I haven’t finished the book, but I have to wonder if I had given up my company way too early. There were many additional obstacles; like having to support the family and having no committed co-founder (my partner left in less than six months). Though, I don’t regret having started a company. It was once-in-a-lifetime experience. Another thing the book said was that start-ups tend to require more than professional commitment from employees. People say you don’t get in to business with friends, but start-ups do need friends because of its high emotional requirements.

Nevertheless, it’s very interesting book. I wish I had read this book before I started my company.

Follow your dream?

Should you?

I had a conversation with someone who has been quite successful as a serial entrepreneur. Since I have a lot of spare time, I wanted to pick his brain and get some pointers what I could follow his footsteps. His brief answer was that he just had been lucky, right place at the right time. He also said there are some people who are cut out to be a leader, founder, and entrepreneur. And, most people are not. He said God (whichever god depends on your religion) has set out a path for everyone. People have different strengths, and he doesn’t believe in working on improving weaknesses, but reinforcing strengths.

One of the books I like is Sun Tzu’s The Art of War. One principle in the book says that the state head must know how to utilize his generals’ strengths best. If a general is good at offense, he should be deployed in offensive position. And if a general is good at defense, then in defensive position. You can’t blame a general for not doing his job if he was assigned with a job he cannot possibly do well. It makes total sense……

So, what if your dream is not in line with your strengths? Or what if your strengths are not enough to reach your dream? Books and TVs are full of stories about people following their dreams, persevere, and actually achieving them. How about others who have followed them but never made them? There are many athletes, both professional and Olympic, who in spite of their best effort do not make it at the top. What about those countless artists and musicians? When do you realize that perhaps your strengths are not in line with your dream or just not enough? What do you do? Then, is it about different levels or definitions of success? Should an athlete be satisfied with making it to the Olympic teams?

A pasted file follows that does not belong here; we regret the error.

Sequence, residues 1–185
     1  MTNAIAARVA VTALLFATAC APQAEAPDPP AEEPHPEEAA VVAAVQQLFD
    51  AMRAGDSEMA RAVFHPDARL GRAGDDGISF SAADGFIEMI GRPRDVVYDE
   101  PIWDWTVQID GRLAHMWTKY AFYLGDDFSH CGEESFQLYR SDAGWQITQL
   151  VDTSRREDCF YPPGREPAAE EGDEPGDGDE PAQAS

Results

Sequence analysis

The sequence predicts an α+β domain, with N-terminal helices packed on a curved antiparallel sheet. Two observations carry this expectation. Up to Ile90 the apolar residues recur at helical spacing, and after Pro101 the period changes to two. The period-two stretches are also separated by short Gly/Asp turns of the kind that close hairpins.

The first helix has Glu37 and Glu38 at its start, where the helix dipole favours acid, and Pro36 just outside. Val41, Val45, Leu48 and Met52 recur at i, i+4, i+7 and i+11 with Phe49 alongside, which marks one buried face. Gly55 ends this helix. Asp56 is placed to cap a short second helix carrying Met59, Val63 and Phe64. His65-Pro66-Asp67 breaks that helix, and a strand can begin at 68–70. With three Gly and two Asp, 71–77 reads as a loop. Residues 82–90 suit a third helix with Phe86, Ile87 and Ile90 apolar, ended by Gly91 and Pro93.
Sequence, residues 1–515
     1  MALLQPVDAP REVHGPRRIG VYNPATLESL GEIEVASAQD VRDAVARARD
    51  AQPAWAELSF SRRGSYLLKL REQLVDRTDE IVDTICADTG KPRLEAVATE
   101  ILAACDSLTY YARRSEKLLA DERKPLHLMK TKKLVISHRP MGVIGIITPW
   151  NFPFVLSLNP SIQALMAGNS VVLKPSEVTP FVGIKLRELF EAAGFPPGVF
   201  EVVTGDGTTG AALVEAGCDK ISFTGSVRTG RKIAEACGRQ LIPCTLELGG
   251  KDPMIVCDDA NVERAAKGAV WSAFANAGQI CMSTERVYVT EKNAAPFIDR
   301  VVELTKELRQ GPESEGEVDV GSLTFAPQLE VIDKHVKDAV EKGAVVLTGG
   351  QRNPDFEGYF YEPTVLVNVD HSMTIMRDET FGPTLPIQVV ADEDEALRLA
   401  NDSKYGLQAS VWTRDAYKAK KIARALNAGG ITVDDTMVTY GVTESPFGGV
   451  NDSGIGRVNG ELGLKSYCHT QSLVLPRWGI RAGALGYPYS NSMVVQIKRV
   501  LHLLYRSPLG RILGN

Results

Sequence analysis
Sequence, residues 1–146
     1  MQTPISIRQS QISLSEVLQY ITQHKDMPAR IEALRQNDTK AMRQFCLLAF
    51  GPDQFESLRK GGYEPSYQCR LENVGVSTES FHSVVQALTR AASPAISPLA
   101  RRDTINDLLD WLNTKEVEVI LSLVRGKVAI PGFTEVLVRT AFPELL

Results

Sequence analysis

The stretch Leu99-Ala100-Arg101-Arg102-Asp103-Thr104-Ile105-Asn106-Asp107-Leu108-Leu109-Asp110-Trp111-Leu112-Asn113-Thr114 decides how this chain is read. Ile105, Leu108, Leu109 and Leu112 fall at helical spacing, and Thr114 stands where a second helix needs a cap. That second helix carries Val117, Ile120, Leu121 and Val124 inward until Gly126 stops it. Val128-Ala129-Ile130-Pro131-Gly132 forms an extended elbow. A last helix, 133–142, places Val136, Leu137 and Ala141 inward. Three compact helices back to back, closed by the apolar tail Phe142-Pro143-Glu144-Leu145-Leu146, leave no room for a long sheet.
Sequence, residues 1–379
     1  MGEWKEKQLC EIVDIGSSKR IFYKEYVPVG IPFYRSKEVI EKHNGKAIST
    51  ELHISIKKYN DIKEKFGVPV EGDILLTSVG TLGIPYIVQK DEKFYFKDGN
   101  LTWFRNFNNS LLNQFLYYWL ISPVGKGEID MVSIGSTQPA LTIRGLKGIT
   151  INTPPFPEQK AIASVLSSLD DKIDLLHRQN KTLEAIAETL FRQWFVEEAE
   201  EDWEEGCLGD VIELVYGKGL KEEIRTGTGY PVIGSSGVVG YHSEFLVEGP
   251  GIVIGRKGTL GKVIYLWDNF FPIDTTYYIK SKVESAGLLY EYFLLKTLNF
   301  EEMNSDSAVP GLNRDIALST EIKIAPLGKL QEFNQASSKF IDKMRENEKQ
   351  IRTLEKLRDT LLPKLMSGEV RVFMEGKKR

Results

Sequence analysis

It’s especially meaningful to me since I have two kids of my own. As a parent, I would tell them that they could be anything they want to be. Would I be setting them up for big disappointments? Shall I just tell them that there are different levels of successes, and they should set low goals? Jack Welch is famous for setting “stretch goals”, which may not be applicable for kids, but I really ponder over the whole thing.

Learn from others’ mistakes

I am in mid-30’s and along the way I’ve made my own share of mistakes. Of course, in retrospect if I knew differently or better, I wouldn’t have made those mistakes. A wise man once told me that a smart person would learn from others’ mistakes, and it is so right. Come to think of it, I used to discount most proverbs and old sayings as whatever, but now I think they are true in general cases (perhaps more than 70% of time). They had become what they are from hundreds of years of observation, and I think that’s pretty powerful.

So, I just wanted to warn people, especially those who may want to work for a local company in mother land (non-American descendants and/or 1.5 to 2nd, 3rd generations), about possible consequence of their action. If you plan to move there permanently, none of it would matter.